The wood species mentioned above are referring to the Sixteenth meeting of the Conference of the Parties as of 12 June 2013 recorded in Appendix II of CITES. Unlike Brazilian Rosewood, which is listed in Appendix I, the provisions in Appendix II are not quite as strict. For example, the woods may be imported or ...continue reading "Restricted Wood Species – Granadillo, Honduras and Madagascar Rosewood, Madagascar Ebony, Thai Rosewood and Cocobolo"
Brazilian Rosewood since 1992 is subject to strict import regulations according to the Washington Convention on International Trade in Endangered Species of Wild Fauna and Flora (Washington Convention). In the EU, this Convention shall be implemented by an EU-wide regulation ( EC Regulation 338/97). In guitar maker and player circles this regulation was for 20 ...continue reading "Certified Brazilian Rosewood"
Sometimes customers ask us to change just a single string. In exceptional cases, you can do that, especially when it comes to the D string. It is particularly susceptible to rupture. Usually one should change the whole set of strings. The effect of tuning Tuned strings are constantly stretched. This tires the material, which means ...continue reading "When Should I Change the Strings of a Guitar ?"
It often happens that even grown up guitarists do not cope well with a full-size guitar. One reason for this are often small hands, making it difficult to play on a regular fretboard. A small body size, which is accompanied by a corresponding arm length, also impedes the relaxed playing on a full size guitar ...continue reading "Small Guitars for Small Hands"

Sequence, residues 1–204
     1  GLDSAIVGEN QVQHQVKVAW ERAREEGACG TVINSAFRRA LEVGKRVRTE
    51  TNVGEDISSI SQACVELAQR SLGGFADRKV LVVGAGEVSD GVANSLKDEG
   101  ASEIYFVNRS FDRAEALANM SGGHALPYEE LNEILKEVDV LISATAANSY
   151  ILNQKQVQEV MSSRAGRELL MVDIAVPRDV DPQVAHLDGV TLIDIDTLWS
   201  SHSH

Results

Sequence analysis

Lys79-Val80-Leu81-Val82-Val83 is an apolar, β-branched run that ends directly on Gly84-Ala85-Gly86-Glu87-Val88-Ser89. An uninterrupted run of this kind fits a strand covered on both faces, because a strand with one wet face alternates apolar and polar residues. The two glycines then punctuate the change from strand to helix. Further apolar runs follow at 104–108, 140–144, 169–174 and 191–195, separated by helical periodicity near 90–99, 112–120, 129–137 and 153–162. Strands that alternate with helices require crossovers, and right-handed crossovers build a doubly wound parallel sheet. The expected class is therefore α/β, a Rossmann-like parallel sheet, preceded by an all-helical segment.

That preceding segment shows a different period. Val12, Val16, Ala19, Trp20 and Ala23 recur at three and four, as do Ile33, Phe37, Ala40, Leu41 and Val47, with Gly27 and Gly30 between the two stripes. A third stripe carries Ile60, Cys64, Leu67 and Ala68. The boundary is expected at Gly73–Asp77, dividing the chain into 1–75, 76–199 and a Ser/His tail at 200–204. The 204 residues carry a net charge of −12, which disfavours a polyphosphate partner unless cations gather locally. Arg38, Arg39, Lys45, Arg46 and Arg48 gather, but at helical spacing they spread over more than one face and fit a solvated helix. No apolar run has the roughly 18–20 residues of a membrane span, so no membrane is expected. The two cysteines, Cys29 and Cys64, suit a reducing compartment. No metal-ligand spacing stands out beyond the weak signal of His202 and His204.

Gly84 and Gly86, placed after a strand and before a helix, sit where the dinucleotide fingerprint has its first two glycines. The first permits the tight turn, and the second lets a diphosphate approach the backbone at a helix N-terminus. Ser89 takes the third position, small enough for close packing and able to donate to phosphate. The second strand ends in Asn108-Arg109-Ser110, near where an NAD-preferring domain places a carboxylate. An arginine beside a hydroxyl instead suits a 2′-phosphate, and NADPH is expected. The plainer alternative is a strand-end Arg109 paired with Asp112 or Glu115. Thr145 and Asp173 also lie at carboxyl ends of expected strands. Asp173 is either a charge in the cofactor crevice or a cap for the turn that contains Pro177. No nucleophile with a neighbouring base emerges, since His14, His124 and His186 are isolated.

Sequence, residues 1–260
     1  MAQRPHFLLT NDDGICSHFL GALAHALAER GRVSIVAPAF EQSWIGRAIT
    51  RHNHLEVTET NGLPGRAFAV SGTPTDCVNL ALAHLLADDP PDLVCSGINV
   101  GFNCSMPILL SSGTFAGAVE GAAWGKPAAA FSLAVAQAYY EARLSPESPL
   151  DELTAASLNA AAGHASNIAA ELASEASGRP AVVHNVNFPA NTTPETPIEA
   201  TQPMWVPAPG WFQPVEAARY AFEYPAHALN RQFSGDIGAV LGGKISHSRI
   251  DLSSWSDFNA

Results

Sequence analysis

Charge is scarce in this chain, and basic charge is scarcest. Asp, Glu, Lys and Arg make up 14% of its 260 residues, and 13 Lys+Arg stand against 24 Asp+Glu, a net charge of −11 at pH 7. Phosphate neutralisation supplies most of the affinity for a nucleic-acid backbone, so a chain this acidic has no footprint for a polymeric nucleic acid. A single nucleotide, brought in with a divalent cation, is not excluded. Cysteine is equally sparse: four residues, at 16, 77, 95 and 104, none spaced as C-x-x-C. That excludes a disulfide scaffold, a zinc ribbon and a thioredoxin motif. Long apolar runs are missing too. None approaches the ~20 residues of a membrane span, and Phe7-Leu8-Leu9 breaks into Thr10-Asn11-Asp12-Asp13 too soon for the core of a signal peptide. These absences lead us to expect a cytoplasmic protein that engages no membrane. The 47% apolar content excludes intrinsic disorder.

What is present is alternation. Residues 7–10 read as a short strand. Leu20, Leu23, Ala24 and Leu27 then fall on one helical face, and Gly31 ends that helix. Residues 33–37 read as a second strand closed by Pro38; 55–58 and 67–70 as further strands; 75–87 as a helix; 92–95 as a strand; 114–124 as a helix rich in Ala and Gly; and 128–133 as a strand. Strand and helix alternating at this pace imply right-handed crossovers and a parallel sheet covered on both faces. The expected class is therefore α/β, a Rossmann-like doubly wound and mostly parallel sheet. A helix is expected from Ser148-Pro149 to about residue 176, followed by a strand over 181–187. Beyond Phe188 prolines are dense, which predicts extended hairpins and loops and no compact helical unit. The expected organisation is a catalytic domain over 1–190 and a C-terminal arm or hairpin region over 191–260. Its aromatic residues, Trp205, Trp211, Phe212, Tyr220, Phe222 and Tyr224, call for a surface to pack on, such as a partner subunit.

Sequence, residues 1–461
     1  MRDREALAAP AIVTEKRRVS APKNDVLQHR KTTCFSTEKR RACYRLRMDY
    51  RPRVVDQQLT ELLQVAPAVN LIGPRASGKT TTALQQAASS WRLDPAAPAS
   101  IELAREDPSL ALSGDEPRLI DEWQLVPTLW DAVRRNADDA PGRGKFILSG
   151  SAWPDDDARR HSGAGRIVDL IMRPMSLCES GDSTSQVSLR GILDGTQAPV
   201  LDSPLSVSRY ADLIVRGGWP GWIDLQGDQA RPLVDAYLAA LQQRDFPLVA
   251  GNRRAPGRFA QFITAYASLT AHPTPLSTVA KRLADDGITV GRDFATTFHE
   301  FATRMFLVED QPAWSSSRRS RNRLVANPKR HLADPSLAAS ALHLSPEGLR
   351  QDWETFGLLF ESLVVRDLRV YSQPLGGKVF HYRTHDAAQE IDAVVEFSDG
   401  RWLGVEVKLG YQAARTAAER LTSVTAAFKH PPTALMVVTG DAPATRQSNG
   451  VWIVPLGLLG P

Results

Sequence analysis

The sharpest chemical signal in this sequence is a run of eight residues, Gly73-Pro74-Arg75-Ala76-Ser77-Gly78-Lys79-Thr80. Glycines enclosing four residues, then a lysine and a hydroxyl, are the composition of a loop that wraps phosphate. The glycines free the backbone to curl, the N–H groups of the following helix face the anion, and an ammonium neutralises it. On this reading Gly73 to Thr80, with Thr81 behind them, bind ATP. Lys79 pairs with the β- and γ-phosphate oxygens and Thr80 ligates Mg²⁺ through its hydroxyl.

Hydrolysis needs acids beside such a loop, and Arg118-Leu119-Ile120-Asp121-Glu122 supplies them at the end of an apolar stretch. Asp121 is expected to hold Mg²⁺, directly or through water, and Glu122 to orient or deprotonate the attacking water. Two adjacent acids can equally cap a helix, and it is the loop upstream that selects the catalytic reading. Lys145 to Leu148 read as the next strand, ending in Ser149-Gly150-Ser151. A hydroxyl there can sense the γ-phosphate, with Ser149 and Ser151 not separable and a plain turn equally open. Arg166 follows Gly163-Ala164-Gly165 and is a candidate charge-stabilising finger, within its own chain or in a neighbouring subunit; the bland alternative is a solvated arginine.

We often have customers who want to switch from classical guitar to steelstring guitar. Soon the question of the neck width comes up. Of course the player of a classical guitar would not give up the comfortable playability when switching to the acoustic guitar. However, to set the neck width of a steelstring guitar the ...continue reading "Nut Width for Classical Guitars and Steelstring Guitars"
Does this sound familiar? The guitar must be sent for repair or to be taken along for a flight. To avoid nasty surprises one has to handle this issue prudently. Often guitars have arrived at our workshop worse than they were sent or a vacation began with a broken guitar. What to do when sending ...continue reading "Transporting a Guitar"
Some time ago we could lay our hands on some very special Sitka Spruce tops. The wood for this guitar tops has been lying as fish traps in the salty water of the yukon delta from the 1920s to the 1980s with total absence of air, to then be processed to tone wood and again ...continue reading "Tone Wood from the Yukon River"
It is a common phenomenon that right-handed guitars are sold to left-handed players even in music stores. Very popular is the recommendation to simply apply the strings the other way round. And why not? The guitar is a symmetric instrument - isn't it? Left-hand guitar by re-stringing upside down? Well, try to conduct the low ...continue reading "Left-handed Guitars"